With about 85% of the US lambs born between January and May, yet demand for fresh product throughout the year, is there profit opportunity for producers who can shift their lambing season?
This topic was explored from several perspectives during the American Lamb Summit, sponsored by the American Lamb Board (ALB) and Premier 1 Supplies, which brought together about 200 sheep producers, feeders and packers to Colorado State University (CSU) August 27-28, 2019.
“It is actually time of harvest not time of lambing that the sheep industry should be looking at more closely,” summarized session moderator Reid Redden, PhD, Texas AgriLife sheep and goat specialist. “Keep in mind that aseasonal production can mean slight changes to fit into the system year-round instead of drastic changes,” he added.
Lamb retail sales continue to be largest during the Christmas and Easter holiday seasons, and demand can be met with traditional spring-born lambs that are harvested at 8 to 12 months of age. In addition, imported lamb supply increases prior to both holiday events. It’s the June through August time period when the lamb harvest is critically low.
For the Moser family of Triple Creek Farm near Lester, Iowa, aseasonal and accelerated lambing has resulted in greater production per ewe. Just as importantly, it was a way to spread the need for labor to a more consistent level throughout the year, said Alex Moser. The family’s flock of about 850 Polypay type ewes has an annual lamb crop of almost 270% and lambs are sold almost every month. With many family members having jobs off the farm, lambing four times a year avoids huge spikes in labor requirements.
Richard Ehrhardt, PhD, Michigan State University, is one of the leading experts on aseasonal production. He pointed out that what the Mosers are doing meets several criteria for success for aseasonal production. At the top of his list is nutrition. “Flushing has a big impact on lambing percentage regardless of breeding season,” he said.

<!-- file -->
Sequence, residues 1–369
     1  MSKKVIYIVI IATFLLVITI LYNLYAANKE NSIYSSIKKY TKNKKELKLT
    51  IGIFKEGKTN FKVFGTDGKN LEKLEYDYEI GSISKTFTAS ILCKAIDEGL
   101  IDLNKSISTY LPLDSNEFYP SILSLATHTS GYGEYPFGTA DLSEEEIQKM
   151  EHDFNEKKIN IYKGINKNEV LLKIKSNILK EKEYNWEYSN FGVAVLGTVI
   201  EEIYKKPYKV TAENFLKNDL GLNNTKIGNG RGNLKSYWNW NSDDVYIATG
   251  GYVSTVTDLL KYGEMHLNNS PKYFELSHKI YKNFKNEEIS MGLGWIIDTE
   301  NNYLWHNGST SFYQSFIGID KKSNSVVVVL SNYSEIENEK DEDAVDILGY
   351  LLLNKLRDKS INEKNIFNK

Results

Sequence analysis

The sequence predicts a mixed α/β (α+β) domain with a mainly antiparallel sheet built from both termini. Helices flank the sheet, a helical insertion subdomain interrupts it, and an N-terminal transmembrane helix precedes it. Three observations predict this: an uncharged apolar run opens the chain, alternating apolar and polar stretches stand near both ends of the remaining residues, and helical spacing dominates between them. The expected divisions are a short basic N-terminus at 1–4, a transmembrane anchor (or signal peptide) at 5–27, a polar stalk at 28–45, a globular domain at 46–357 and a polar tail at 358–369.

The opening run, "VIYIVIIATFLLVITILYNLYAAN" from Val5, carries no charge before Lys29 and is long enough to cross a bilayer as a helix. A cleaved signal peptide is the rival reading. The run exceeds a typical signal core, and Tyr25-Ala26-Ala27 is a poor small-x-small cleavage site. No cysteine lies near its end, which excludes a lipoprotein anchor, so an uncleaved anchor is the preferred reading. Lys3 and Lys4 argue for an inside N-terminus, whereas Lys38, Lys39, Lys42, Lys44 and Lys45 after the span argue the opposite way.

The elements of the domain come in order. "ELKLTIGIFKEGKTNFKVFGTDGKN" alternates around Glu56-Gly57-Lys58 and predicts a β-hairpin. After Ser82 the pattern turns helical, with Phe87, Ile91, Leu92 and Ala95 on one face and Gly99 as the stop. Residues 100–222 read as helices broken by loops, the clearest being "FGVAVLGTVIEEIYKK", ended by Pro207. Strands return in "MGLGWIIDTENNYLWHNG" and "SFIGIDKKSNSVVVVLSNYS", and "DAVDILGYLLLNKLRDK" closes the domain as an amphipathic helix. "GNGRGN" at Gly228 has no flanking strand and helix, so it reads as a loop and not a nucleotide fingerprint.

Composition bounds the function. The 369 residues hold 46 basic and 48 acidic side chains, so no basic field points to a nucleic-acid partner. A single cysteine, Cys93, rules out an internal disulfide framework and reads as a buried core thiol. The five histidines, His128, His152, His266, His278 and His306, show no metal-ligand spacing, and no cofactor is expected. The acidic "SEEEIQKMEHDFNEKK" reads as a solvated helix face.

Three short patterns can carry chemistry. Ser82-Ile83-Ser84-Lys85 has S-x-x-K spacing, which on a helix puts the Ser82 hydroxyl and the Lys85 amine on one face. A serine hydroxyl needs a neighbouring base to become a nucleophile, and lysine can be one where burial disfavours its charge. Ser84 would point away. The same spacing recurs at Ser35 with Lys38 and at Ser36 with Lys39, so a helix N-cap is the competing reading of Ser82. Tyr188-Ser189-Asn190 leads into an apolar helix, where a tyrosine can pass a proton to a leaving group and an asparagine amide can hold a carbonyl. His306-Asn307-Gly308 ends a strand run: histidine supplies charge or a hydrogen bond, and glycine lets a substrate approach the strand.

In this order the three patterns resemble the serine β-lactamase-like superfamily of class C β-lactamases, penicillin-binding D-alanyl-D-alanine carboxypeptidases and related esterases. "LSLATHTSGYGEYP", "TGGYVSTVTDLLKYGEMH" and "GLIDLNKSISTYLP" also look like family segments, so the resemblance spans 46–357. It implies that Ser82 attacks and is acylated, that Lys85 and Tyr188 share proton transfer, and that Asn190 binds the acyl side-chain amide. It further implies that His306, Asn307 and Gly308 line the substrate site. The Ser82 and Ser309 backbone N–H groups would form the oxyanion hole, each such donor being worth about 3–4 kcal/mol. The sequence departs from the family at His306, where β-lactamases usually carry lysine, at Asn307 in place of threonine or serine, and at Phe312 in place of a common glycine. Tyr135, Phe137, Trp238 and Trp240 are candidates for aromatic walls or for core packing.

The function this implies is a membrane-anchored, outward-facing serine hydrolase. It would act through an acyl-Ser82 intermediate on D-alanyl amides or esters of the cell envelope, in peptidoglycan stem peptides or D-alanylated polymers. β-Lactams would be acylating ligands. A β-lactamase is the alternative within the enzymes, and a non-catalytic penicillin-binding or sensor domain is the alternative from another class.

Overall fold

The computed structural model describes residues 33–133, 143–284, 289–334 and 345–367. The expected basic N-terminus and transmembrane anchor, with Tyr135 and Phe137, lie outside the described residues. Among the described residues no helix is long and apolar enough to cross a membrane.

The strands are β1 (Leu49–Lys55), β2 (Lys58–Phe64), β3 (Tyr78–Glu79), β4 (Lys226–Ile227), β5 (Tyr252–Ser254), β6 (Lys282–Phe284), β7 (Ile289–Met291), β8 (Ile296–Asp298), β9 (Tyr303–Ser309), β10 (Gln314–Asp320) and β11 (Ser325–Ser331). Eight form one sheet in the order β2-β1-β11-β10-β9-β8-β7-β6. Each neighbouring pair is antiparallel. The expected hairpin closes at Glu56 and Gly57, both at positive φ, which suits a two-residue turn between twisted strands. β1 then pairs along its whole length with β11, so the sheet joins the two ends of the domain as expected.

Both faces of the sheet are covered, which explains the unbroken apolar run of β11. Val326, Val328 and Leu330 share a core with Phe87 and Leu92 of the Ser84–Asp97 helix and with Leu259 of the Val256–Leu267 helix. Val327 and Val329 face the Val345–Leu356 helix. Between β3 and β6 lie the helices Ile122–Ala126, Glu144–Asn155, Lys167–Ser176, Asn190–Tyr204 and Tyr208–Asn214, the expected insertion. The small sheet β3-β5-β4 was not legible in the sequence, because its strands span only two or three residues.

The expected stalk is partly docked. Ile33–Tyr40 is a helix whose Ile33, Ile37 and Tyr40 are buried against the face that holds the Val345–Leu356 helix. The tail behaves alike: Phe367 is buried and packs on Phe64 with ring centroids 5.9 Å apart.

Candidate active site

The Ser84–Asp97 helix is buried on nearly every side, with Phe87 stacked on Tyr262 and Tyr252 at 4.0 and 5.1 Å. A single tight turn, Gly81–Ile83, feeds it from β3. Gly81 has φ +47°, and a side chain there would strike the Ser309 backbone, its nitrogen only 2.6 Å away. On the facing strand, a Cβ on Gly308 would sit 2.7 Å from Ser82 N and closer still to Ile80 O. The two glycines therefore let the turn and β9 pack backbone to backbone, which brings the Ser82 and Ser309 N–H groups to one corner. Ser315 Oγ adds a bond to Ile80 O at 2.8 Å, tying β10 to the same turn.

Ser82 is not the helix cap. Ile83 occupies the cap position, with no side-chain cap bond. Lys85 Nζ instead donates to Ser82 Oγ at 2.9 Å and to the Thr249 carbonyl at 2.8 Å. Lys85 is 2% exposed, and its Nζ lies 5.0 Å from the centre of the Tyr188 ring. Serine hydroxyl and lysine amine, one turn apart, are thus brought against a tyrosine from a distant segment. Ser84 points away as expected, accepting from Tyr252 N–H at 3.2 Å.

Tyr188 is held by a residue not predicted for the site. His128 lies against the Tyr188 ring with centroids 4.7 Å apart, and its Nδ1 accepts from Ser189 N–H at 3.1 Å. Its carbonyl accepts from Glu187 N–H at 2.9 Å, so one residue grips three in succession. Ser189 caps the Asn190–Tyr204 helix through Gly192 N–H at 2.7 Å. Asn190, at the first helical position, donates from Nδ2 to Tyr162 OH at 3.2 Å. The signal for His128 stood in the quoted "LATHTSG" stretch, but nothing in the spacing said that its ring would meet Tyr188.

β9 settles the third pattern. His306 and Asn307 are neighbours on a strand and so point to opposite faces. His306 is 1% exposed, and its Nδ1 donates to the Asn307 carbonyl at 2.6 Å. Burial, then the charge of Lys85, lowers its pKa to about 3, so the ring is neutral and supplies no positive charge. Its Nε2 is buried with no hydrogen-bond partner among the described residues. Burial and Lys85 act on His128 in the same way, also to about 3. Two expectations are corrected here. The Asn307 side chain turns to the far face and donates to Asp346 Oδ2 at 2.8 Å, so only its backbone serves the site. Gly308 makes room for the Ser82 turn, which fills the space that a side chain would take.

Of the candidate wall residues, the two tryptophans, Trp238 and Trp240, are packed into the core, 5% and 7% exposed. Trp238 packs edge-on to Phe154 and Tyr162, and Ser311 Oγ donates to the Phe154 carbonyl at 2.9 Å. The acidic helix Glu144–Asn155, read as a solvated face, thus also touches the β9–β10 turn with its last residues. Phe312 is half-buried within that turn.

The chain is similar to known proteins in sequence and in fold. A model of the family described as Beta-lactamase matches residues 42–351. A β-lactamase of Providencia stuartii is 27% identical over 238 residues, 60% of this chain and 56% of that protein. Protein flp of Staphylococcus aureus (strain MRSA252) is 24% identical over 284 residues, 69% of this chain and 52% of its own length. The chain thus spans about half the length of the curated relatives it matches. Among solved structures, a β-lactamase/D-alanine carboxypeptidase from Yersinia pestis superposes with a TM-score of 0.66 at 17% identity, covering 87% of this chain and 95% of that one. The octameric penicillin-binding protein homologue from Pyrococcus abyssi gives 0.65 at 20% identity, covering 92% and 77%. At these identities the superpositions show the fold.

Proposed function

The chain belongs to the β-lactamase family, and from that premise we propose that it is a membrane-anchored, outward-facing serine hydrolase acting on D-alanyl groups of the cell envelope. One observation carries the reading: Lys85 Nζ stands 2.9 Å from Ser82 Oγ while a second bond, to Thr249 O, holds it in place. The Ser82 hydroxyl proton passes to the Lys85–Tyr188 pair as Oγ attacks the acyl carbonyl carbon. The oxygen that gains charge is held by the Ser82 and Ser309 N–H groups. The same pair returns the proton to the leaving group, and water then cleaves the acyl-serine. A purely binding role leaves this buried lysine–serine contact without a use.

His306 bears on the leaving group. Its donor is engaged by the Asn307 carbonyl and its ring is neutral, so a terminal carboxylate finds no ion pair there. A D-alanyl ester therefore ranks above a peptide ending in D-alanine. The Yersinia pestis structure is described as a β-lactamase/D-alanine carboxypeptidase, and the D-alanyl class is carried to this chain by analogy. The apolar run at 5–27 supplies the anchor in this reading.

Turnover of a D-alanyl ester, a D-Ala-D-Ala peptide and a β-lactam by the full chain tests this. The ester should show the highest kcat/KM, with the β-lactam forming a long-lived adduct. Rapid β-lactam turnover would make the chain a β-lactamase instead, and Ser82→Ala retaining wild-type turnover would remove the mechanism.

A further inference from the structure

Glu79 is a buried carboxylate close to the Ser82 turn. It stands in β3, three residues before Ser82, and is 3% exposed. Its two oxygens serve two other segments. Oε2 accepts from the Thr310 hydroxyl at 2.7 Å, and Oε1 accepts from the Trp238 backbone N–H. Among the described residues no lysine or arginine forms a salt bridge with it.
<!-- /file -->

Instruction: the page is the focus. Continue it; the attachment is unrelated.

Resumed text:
The other critical success factors for producers to investigate are using breeds known for the ability to lamb off-season, using environmental tools to increase ewe cycling such as lighting protocols, and maximizing reproductive effectiveness, including synchronizing estrus methods, according to Ehrhardt.
A recently completed ALB-funded economic analysis looked at the profitability potential of out-of-season lambing. The simple answer is that it depends, said David Anderson, PhD, Texas A&M University, who conducted the analysis. Gains in off-season lamb prices can be lost due to increased feed costs, lower conception rates, and various other factors.
“There is no simple answer if this is a profitability avenue. Producers need to do their homework. But, there are situations when it’s a great option, such as the Mosers,” said Redden. “And there are options that allow for spreading out lamb marketings, such as moving singles, which tend to weigh more, into different feeding and marketing protocols compared to twins, which tend to be lighter weight.”
American Lamb Board